The agency said the unnamed management employee was removed as project manager on the contracts and is under investigation by the Attorney General’s Office. MTA also took a number of other actions to clean up its contracting, as recommended by the auditors.
Social Services Administration audit
In a report on the Social Services Administration, state auditors followed up on fairly negative 2017 review of the practices by the local social service agencies that administer a wide range of programs on child welfare, foster care, child protective services, adoption and the federal payments that go along with these services. The auditors made 14 recommendations to improve the programs. Last summer, they re-examined the progress made on 6 of them.
“SSA had made some progress, although not necessarily consistent with its stated corrective action plan but, nevertheless, had not resolved these 6 findings,” Hook said in his letter sending the report to the legislature’s Joint Audit Committee. “We have concluded that, for certain recommendations, the implementation of more comprehensive policies and procedures than we found to exist at the time of our review would be beneficial in the delivery of services and safeguarding of State assets.”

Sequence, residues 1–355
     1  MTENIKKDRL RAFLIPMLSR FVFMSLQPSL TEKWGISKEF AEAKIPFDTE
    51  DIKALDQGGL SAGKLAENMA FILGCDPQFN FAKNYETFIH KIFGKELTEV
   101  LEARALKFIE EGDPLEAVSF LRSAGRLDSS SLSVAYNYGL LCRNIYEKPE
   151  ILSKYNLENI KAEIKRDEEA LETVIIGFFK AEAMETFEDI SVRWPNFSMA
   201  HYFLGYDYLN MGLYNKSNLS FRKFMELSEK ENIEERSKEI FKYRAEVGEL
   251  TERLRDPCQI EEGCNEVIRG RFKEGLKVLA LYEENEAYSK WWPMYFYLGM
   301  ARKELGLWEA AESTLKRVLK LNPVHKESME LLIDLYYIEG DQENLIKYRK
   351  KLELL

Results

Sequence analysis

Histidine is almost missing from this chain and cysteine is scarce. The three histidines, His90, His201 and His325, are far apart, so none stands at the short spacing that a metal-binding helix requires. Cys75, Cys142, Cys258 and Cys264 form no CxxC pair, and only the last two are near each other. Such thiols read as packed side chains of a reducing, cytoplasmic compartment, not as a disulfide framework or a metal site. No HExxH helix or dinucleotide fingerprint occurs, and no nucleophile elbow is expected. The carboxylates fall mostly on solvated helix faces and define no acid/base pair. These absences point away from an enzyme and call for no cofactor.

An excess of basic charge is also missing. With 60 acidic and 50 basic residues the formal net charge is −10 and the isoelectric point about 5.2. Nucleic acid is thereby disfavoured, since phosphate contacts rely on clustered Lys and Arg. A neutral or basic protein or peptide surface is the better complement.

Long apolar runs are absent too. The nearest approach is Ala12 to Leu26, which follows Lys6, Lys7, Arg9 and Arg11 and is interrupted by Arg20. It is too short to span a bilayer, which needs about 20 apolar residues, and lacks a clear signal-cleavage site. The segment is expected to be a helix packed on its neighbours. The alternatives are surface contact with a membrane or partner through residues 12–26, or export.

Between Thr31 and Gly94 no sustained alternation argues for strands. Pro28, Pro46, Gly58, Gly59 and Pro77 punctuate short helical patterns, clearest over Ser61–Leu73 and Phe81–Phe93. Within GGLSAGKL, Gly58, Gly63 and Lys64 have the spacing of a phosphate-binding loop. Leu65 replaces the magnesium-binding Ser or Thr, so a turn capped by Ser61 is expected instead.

Developmental Disabilities Administration
An audit of Developmental Disabilities Administration under the Maryland Department of Health revealed problems in verifying that Marylanders with developmental disabilities are getting the help they need.
The report uncovered deficiencies in how the DDA monitors agencies charged with ensuring consumers are receiving required services from providers.
According to the report, over a two-year period, DDA’s Coordination of Community Services agencies failed to provide paperwork verifying in-person visits “for 97 percent of the approximately 15,000 applicable consumers.” It noted that less than half of the 8 required quarterly monitoring forms were filed for more than 50% of those consumers.
The report pointed to insufficient training and instruction as a contributing factor. In response, the DDA has set a February deadline to complete a webinar training module for CCS agencies to use.
The audit also found that CCS agencies’ documentation failed to make clear that those with developmental disabilities had received required services or were making progress toward the goals of their individual plans as filed with the DDA.